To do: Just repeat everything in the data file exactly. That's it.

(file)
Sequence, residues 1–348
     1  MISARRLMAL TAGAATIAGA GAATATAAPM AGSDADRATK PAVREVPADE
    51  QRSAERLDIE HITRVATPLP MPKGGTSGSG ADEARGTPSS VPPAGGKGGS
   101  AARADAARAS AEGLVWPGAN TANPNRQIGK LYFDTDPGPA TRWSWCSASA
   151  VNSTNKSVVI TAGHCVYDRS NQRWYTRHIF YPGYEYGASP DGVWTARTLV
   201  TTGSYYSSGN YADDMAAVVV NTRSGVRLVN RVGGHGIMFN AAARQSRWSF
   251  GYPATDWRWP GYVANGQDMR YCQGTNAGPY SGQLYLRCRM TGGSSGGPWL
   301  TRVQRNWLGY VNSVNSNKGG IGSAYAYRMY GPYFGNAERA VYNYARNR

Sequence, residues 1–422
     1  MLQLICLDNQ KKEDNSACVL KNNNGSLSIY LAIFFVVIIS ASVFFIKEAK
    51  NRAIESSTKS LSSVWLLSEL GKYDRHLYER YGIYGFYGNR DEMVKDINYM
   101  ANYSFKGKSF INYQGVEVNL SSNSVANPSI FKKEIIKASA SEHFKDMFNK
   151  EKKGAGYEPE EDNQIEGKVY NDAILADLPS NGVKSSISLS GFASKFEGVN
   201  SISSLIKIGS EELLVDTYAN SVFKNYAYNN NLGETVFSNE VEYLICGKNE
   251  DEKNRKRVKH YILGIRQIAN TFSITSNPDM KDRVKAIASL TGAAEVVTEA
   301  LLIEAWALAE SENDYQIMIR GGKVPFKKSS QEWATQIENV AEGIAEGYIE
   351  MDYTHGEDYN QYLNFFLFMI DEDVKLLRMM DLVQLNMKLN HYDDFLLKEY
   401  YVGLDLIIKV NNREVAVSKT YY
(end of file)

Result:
Sequence, residues 1–348
     1  MISARRLMAL TAGAATIAGA GAATATAAPM AGSDADRATK PAVREVPADE
    51  QRSAERLDIE HITRVATPLP MPKGGTSGSG ADEARGTPSS VPPAGGKGGS
   101  AARADAARAS AEGLVWPGAN TANPNRQIGK LYFDTDPGPA TRWSWCSASA
   151  VNSTNKSVVI TAGHCVYDRS NQRWYTRHIF YPGYEYGASP DGVWTARTLV
   201  TTGSYYSSGN YADDMAAVVV NTRSGVRLVN RVGGHGIMFN AAARQSRWSF
   251  GYPATDWRWP GYVANGQDMR YCQGTNAGPY SGQLYLRCRM TGGSSGGPWL
   301  TRVQRNWLGY VNSVNSNKGG IGSAYAYRMY GPYFGNAERA VYNYARNR

Sequence, residues 1–422
     1  MLQLICLDNQ KKEDNSACVL KNNNGSLSIY LAIFFVVIIS ASVFFIKEAK
    51  NRAIESSTKS LSSVWLLSEL GKYDRHLYER YGIYGFYGNR DEMVKDINYM
   101  ANYSFKGKSF INYQGVEVNL SSNSVANPSI FKKEIIKASA SEHFKDMFNK
   151  EKKGAGYEPE EDNQIEGKVY NDAILADLPS NGVKSSISLS GFASKFEGVN
   201  SISSLIKIGS EELLVDTYAN SVFKNYAYNN NLGETVFSNE VEYLICGKNE
   251  DEKNRKRVKH YILGIRQIAN TFSITSNPDM KDRVKAIASL TGAAEVVTEA
   301  LLIEAWALAE SENDYQIMIR GGKVPFKKSS QEWATQIENV AEGIAEGYIE
   351  MDYTHGEDYN QYLNFFLFMI DEDVKLLRMM DLVQLNMKLN HYDDFLLKEY
   401  YVGLDLIIKV NNREVAVSKT YY